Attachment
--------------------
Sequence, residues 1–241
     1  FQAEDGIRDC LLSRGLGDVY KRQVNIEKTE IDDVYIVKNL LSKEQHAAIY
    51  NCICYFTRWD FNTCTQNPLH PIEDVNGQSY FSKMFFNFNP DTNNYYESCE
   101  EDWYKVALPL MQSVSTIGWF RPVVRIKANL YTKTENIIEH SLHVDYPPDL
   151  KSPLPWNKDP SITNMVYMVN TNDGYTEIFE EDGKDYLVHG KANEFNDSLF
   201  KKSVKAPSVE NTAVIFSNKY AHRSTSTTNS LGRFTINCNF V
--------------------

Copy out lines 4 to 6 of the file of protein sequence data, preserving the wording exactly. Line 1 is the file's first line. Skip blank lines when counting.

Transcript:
   101  EDWYKVALPL MQSVSTIGWF RPVVRIKANL YTKTENIIEH SLHVDYPPDL
   151  KSPLPWNKDP SITNMVYMVN TNDGYTEIFE EDGKDYLVHG KANEFNDSLF
   201  KKSVKAPSVE NTAVIFSNKY AHRSTSTTNS LGRFTINCNF V